On the chart below you can see that last week there was a sharp two-day decline that found support on the 200-EMA, and formed an inverted flag pole. This week, prices trended upward in a narrow range, forming a flag at the end of the flag pole. A flag formation pointing upward is bullish. Pointing downward (inverted), it is bearish. In this case the implications are only short-term, with a possible downside to the area of 1020.

100212 cspot 1 TECHNICAL OUTLOOK: MORE DOWNSIDE TO COME

The On-Balance Volume (OBV) suite of charts below gives both side of the argument, but first let’s concentrate on the CVI (Climatic Volume Oscillator). It has become fairly overbought, and it topped on Friday. Combined with the inverted flag, it presents a negative short-term picture.

The VTO (Volume Trend Oscillator) is a medium-term indicator, and it has formed a double bottom in oversold territory. This is fairly strong evidence that a medium-term bottom is near, and quite a few of our other medium-term indicators are in agreement.

100212 cspot 2 TECHNICAL OUTLOOK: MORE DOWNSIDE TO COME

As I said, the evidence is mixed, and it is one of those times that we need to rely on the Thrust/Trend Model (T/TM) to keep a level head. Currently in a neutral posture, to generate a buy signal it will need for the PMO (Price Momentum Oscillator) and the PBI (Percent Buy Index) to cross up through their EMAs.

100212 cspot 4 TECHNICAL OUTLOOK: MORE DOWNSIDE TO COME

Bottom Line: Prices are in a down trend, the T/TM is in neutral, and an inverted flag combined with overbought short-term indicators suggest more downside yet to come. If the S&P 500 suddenly breaks UP from the inverted flag, I would change my short-term outlook from bearish to neutral, and await a new buy signal from the T/TM.





Offshore Oil The Warren Buffett Way

Courtesy of asiablues

By Economic Forecasts & Opinions

Commodities, particularly crude, were trending down last week after China’s Central Bank raised bank reserve requirements boosting the US dollar against other major currencies. That marks the second time China has raised its bank reserve requirement in a month.

Ongoing worries about the economy stemming from European debt problems, specifically the lack of a firm Greek bailout plan from European leaders also prompted investors moving out of risky assets. Crude oil fell for the first day in five to below $75 a barrel also partly due to government data showing U.S. inventories rose more than forecast.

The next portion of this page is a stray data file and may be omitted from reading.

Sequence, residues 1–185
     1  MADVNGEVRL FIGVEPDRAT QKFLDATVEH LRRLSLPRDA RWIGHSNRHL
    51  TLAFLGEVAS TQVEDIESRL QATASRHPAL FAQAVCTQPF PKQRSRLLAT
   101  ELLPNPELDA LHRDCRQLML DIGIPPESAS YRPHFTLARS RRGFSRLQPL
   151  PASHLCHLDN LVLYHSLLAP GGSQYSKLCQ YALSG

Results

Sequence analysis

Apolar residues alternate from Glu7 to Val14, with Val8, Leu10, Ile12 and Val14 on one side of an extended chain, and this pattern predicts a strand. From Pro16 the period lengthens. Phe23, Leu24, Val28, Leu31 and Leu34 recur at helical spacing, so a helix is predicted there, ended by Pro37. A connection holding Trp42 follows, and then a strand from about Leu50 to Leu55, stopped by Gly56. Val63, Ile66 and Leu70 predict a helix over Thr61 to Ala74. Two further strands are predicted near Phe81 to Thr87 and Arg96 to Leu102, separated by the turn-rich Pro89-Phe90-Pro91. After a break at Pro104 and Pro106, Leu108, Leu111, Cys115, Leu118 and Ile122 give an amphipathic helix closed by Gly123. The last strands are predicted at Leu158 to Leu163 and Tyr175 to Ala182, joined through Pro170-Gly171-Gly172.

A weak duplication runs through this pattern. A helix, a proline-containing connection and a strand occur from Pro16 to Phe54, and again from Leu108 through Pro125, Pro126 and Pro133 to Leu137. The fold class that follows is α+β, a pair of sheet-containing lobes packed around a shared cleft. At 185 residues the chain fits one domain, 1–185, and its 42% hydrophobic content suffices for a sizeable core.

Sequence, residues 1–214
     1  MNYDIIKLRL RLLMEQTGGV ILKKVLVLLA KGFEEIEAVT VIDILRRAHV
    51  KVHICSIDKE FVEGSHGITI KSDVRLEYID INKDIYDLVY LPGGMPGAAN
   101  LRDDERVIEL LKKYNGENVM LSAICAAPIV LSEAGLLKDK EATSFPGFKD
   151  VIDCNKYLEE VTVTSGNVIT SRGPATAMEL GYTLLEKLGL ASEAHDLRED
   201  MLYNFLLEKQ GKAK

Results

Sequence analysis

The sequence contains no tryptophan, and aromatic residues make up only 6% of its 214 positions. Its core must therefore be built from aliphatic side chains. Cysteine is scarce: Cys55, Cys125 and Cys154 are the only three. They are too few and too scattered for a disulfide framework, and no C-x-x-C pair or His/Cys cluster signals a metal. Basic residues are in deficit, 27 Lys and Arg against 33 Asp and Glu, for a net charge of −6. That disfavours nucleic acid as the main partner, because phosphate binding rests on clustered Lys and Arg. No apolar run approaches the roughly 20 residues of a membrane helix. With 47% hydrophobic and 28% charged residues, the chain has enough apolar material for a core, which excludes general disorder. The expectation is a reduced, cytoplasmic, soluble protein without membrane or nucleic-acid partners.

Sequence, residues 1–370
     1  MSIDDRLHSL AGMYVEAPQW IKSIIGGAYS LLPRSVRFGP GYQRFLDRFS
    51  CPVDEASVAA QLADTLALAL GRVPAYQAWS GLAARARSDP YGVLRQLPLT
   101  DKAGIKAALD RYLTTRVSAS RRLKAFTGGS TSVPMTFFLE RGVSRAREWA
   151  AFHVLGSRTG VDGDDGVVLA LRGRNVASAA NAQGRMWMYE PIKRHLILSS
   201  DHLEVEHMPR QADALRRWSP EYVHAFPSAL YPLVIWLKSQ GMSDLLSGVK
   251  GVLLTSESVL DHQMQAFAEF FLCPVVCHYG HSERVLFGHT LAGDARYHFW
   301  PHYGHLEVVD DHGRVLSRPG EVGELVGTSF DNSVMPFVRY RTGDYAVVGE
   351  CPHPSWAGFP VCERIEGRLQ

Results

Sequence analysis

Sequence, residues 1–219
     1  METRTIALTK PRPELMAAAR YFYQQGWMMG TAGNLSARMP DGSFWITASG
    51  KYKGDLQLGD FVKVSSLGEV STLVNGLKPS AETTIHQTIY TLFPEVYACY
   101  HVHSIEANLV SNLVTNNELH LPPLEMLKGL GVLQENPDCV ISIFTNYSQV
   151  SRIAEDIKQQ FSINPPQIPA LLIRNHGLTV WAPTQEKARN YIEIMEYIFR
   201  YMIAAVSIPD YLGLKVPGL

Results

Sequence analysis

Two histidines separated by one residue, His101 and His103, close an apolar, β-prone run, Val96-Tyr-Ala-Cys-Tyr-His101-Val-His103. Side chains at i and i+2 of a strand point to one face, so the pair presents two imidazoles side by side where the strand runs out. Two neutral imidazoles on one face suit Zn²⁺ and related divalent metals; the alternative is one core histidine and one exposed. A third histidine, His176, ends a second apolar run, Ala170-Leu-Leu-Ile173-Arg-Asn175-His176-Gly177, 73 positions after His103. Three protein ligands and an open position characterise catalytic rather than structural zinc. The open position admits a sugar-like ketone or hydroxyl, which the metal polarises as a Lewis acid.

Meanwhile U.S. natural gas registered the largest one-day gain last Friday to $5.48 per mmbtu since the beginning of the month on a drop in jobless claims, signaling industrial demand is likely improving, and cold temperatures across the US are boosting residential demand. Industrial Demand accounts for 29% of U.S. consumption.

Oil Services Sector Bottoming Out

While the markets are in a finicky mood from the China and Greek factors, the return of relative stability in oil and natural gas prices has spurred producers to increase their capital budget and restart projects they slowed down or completely deferred a year ago. (Fig. 1)

Absorbing the impact of lower rig counts, weak global demand for fossil fuel and volatile energy prices, the majority of the oil services companies are reporting sharply lower earnings in Q1. However, the rising rig count and producers’ capital budget suggest that oil service markets are probably in the process of bottoming this year, which suggests a good entry point for long-term investors. (Fig. 2)

 
Oil Majors Go Deepwater & Subsea

Roughly from 2004 to 2008, the onshore, North America in particular, had outshined the offshore in terms of activity growth. But the Great Recession has shifted the tide towards offshore and international. Offshore is one of the few remaining places where the state as well as western oil majors can increase production, while emerging Asian demand is expected to outpace the U.S. and the OECD in coming years.

FBR estimates an increase in deepwater spending of almost triple expected growth in onshore spending will drive offshore spending overall at…
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Hugh Hendry: Here Are Four Reasons China Will Start Sucking Wind

For an enjoyable, hour long video version of Hugh’s thoughts (among those of others), click here.

Hugh Hendry: Here Are Four Reasons China Will Start Sucking Wind

By Courtney Comstock, courtesy of Clusterstock 

hugh-hendry-on-newsnight

hugh-hendry-on-newsnight

Source: screen shot from you tube

People are way too psyched about China, says Hugh Hendry.